ACT is in damage control after candidates were revealed to have made inflammatory posts on social media.
One candidate who likened vaccine mandates to concentration camps has resigned, while another who linked the Covid-19 vaccines to drownings has renounced the comments and apologised.
A third candidate, Anto Coates, who referred to Covid-19 as "mass hysteria" and in a parody song said former prime minister Dame Jacinda Ardern had thought about thowing people in a gulag - and stepped down more than a month ago.
ACT leader David Seymour said Coates had resigned "for personal reasons".
1News reported on Wednesday the resignation of Rangitata candidate Elaine Naidu Franz and the apology of Darren Gilchrist over their posts.
Seymour said the concentration camps comparison was "absolutely unacceptable".
He said the matter had been brought to his attention by the media.
"I spoke with the two people who remain as candidates ... one has said 'actually I don't agree with the statements anymore', the other one has said 'actually I don't want to be a candidate anymore' and I agreed with that on the spot.
"We've actually done a very good job of vetting over 60 candidates. There are some that have slipped through the net and they're now gone."
He said the vetting process involved interviews with the party's board and regional members, reference checks, six sessions of preparatory schooling, and checks on the candidates' social media.
"The comment, that was nearly two years old, so if you think about how much you have to go through in order to look back two years through someone's comments - that's pretty extensive stuff.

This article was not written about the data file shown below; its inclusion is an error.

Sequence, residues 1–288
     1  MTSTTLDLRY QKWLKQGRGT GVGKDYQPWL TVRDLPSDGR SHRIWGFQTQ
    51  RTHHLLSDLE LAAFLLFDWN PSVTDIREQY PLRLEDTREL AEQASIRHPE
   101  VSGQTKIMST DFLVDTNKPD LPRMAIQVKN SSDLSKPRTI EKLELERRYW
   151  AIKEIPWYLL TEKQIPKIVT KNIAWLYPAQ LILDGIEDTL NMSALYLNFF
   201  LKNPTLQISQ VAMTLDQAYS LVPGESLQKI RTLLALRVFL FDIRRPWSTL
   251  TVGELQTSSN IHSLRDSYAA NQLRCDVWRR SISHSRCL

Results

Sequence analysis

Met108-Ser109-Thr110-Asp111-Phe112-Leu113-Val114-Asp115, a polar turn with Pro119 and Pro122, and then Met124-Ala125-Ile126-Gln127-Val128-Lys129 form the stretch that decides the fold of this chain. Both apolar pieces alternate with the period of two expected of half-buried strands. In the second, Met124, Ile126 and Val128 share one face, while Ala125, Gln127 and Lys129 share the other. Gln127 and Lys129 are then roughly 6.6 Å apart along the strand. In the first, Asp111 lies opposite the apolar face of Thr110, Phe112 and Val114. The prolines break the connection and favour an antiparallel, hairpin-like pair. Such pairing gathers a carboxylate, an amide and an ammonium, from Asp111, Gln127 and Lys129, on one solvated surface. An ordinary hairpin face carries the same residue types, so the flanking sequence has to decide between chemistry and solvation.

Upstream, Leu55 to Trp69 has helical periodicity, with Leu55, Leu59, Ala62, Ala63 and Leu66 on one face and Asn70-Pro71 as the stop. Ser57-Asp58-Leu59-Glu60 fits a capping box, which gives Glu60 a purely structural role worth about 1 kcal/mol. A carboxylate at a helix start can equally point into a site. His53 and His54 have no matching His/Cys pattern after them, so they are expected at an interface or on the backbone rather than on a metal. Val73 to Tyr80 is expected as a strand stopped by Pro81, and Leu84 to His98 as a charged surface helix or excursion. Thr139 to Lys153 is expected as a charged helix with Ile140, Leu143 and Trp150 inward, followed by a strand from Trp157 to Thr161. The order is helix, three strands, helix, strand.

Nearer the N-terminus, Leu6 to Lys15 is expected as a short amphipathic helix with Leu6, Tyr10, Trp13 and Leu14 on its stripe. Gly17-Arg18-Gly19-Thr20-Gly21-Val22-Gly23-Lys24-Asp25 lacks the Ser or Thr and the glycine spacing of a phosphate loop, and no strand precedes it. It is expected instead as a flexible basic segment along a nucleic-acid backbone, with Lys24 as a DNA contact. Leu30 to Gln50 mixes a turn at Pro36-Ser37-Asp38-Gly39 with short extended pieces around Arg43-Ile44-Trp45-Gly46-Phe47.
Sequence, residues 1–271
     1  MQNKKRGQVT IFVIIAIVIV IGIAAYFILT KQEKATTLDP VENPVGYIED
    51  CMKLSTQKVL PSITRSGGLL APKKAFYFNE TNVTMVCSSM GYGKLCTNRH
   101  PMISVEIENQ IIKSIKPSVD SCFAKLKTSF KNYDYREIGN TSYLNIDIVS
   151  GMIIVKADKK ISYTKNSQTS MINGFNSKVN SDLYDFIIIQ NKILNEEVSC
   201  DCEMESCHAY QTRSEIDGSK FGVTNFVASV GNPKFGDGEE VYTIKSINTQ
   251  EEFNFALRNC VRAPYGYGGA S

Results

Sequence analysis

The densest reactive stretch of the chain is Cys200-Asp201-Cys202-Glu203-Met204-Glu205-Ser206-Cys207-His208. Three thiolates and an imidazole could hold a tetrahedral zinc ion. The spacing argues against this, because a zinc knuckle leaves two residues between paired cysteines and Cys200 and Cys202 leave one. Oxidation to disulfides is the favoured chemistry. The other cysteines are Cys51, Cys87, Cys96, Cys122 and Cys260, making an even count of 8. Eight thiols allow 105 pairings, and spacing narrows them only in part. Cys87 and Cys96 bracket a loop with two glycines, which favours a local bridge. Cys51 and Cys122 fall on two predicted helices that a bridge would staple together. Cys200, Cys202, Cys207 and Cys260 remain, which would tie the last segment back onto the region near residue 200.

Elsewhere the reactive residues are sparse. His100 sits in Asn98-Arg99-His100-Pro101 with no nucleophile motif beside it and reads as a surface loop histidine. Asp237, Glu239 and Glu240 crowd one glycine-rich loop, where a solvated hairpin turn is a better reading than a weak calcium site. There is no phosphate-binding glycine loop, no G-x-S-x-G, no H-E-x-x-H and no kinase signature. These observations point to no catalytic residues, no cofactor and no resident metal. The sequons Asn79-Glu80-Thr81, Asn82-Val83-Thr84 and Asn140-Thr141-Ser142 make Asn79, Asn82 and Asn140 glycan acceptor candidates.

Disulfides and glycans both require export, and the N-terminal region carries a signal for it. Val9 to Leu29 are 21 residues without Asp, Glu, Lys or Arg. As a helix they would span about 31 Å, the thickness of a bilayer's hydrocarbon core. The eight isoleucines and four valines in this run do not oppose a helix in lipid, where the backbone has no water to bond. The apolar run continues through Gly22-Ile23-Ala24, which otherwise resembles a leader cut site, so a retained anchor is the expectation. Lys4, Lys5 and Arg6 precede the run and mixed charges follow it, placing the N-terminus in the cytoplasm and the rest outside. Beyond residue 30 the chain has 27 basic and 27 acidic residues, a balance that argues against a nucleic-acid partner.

"I don't think that we've had a specific timeframe for vetting, what we have done is ensure that we take a good look at each person and it seems the offensive comments this person made were some way back, much earlier in the piece."
Labour leader Chris Hipkins said the matter was a demonstration of the sorts of people who would make up a National-ACT-NZ First government.
"Look, I think the fact that ACT have been selecting these people really is as bit of a warning sign of what you could get under a National-ACT-New Zealand First government," he said.
"Some parties are courting the conspiracy theorists more than others and ACT certainly seem to be.
"There's no such thing as an absolutely foolproof candidate selection process, but where there are basic alarm bells and basic warning signs, parties should pick that up.
Te Pāti Māori co-leader Debbie Ngarewa-Packer said she was not surprised by the revelations.
"Everything that we've seen come out of ACT, we're not surprised. That's only been revealed by others ... they're a party that hide a lot and don't disclose all that was going on within them."
Seymour said he did not think he had skirted too close to the conspiracy line, and denied the posts reflected the kind of people ACT was attracting.